The Fair Tax Mark was set up by Richard Murphy so obviously we’ll not be surprised to find that it is staffed by know-nothings. It is still a tad of a shock to find out that the person actually running the organisation doesn’t understand the very thing he supposedly accredits, the taxation of companies. But this is so, sadly:
Coffee shop chain Caffe Nero paid no corporation tax in the UK last year, despite ringing up profits of £25.5m. The company, which has 613 stores in the UK and Ireland, said it paid no corporation tax because its parent company reported a loss. Caffe Nero is part of Rome Pikco Group, a holding company that manages the chain’s presence in the UK, Turkey and the Gulf states, and reported a loss of £22.2m in the year to the end of May 2016.
Well, that’s fine. One part of the group made a profit, another part of it didn’t. Not quite exactly but roughly enough we tax at the group level, meaning we net off those profits and losses to get to the profit figure for the organisation as a whole – an obvious and logical thing to do.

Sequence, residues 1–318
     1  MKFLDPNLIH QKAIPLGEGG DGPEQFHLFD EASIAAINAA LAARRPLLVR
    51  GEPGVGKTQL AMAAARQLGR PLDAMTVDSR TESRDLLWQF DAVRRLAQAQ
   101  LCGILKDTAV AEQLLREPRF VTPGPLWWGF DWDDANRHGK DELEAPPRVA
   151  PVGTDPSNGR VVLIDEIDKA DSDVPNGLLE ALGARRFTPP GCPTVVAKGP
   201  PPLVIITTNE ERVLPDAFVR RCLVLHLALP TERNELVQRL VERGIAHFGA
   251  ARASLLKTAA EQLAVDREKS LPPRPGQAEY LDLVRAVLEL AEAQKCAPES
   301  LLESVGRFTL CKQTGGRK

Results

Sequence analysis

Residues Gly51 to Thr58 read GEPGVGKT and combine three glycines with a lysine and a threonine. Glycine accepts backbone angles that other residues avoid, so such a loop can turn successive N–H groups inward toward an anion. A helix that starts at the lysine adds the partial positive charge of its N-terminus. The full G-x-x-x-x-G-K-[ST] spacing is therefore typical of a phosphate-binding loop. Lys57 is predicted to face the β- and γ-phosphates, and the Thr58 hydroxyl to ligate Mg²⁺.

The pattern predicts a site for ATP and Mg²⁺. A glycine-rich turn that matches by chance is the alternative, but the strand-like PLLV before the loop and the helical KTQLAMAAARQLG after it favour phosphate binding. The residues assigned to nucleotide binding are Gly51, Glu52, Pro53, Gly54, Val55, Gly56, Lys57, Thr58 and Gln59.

As to why the no profit as a whole, from when this was all being shouted about last year:
The current owners of the company bought it with debt. There is interest to pay upon that debt. And corporation tax is a tax upon profits. The reason Caffe Nero does not pay corporation tax is because it does not make a taxable profit.
This information is readily available, seems simple enough to us and has been that easily available for half a decade now.
There really is nothing more to it than that. Well, except for the fact that the people who self-appointed to be the arbiters of what is fair tax seem not to understand this:
But Paul Monaghan, chief executive of the Fair Tax Mark ethical accreditation scheme, said its tax arrangements are ‘parasitic’ and ‘insulting to the intelligence of the British people’.
He added: ‘Time and time again, the likes of Caffè Nero come up with reasons to avoid paying their share of corporation tax.’
The reason Caffe Nero hasn’t paid any corporation tax is because they don’t owe any corporation tax. And don’t we think that someone running the Fair Tax Mark should say that, well, they don’t owe tax which is why they haven’t paid tax so that’s, erm, fair? And shouldn’t someone awarding Fair Tax Marks actually understand tax?
Or are we being hopelessly neoliberal here?